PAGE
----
RNA (1 μg) from 45 pairs of non-involved lung tissue and corresponding lung adenocarcinoma tissue was used to synthesize cDNA by reverse transcription using the Transcriptor First Strand cDNA Synthesis Kit (Roche, Basel, Switzerland). To measure expression of the read-through transcripts in tissue pairs, we did quantitative PCR (qPCR) assays with 12.5 ng cDNA template diluted in RNase-free water, 5 μl 2× Fast SYBR Green Master Mix (Life Technologies), and 0.3 μM primers (sequences available upon request; these primers differed from those used to validate read-through fusion points, since qPCR amplicons must be relatively short, i.e. 70–100 bp, whereas PCR amplicons for Sanger sequencing need to be longer) in a final volume of 10 μl. The human hypoxanthine phosphoribosyltransferase 1 (HPRT1) gene was used to normalize expression data. Reactions were run in duplicate using the QuantStudio 12K Flex or 7900 HT Fast real-time PCR system (Life Technologies). We considered as unreliable, and thus excluded, qPCR data of those pairs in which either the non-involved or tumor sample, or both, had a cycle threshold (Ct) standard deviation > 0.5. For this reason, a different number of analyzed pairs is reported for each read-through transcript in Figure 1. RQ values for each read-through transcript were calculated, with ExpressionSuite Software v1.0.4 (Life Technologies), with respect to the RQ of the same transcript measured in a calibrator sample, composed of a pool of cDNAs from normal lung tissue samples previously found by RNA-Seq to be positive for the measured read-through transcripts.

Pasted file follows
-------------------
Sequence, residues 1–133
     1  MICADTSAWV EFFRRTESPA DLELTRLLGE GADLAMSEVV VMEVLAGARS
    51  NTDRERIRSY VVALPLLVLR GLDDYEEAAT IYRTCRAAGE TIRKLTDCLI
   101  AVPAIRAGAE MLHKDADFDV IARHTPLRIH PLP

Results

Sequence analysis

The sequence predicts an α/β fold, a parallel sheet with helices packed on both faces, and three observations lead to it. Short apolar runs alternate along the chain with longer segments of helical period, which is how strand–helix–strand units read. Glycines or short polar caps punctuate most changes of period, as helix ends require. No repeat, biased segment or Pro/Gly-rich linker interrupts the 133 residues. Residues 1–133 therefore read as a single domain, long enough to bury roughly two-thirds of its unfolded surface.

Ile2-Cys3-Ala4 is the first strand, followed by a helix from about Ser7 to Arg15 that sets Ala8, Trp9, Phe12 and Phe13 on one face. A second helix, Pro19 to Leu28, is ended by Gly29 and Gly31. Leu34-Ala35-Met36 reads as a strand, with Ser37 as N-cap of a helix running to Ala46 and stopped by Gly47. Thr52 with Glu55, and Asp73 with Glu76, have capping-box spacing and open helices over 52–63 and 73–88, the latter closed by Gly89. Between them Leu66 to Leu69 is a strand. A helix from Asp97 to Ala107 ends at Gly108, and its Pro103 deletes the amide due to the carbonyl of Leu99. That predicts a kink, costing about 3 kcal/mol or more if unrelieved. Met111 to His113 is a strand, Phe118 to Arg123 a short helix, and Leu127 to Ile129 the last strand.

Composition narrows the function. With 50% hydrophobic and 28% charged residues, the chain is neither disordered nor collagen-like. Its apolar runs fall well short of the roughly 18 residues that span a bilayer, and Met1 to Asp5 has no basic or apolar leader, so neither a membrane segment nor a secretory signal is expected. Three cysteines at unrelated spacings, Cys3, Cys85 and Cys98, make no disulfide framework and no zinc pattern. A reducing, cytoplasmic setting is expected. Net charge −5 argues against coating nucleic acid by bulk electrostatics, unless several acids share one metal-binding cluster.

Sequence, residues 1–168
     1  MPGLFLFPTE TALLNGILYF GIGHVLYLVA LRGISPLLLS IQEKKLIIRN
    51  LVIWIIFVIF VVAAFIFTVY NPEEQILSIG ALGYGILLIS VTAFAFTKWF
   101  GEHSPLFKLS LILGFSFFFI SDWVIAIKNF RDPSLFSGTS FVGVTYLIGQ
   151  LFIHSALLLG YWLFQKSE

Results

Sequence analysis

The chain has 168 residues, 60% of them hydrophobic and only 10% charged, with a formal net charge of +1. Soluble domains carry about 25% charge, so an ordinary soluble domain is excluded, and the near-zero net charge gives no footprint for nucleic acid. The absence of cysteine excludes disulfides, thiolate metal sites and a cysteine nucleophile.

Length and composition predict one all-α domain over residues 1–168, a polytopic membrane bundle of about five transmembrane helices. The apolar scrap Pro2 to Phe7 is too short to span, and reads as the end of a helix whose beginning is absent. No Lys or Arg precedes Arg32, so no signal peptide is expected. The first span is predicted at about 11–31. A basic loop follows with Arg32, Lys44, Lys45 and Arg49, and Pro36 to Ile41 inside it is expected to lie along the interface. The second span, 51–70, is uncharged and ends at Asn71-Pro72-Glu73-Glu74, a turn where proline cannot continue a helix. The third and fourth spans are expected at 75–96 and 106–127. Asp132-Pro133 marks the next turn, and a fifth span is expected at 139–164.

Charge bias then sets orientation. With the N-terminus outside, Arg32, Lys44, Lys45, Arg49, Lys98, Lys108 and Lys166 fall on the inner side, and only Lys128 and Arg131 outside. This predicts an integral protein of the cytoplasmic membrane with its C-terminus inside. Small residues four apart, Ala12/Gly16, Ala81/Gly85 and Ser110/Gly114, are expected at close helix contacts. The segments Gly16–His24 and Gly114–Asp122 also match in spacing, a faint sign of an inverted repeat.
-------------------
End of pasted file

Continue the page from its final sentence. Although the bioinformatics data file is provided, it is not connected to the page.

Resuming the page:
Statistical analyses

Differences in transcript expression levels between normal and tumor tissues were tested for significance using the non-parametric Wilcoxon’s signed-rank test for paired samples. The effects of clinical characteristics on transcript levels were tested for significance in a multivariate linear model on rank-transformed data [36]. Both statistical tests were executed using the R graphical user interface “R Commander” [37].


We thank Dr. Valerie Matarese for scientific editing. AD was recipient of an AIRC/FIRC fellowship, Rif.16353.


The authors declare no conflicts of interest.


AD is recipient of the AIRC/FIRC fellowship no. 16353. This work was supported in part by grants from the Italian Association for Cancer Research (AIRC, grants no. 10323 and 12162). The funders had no role in the design and conduct of the study, in the collection, analysis, and interpretation of the data, and in the preparation, review, or approval of the manuscript.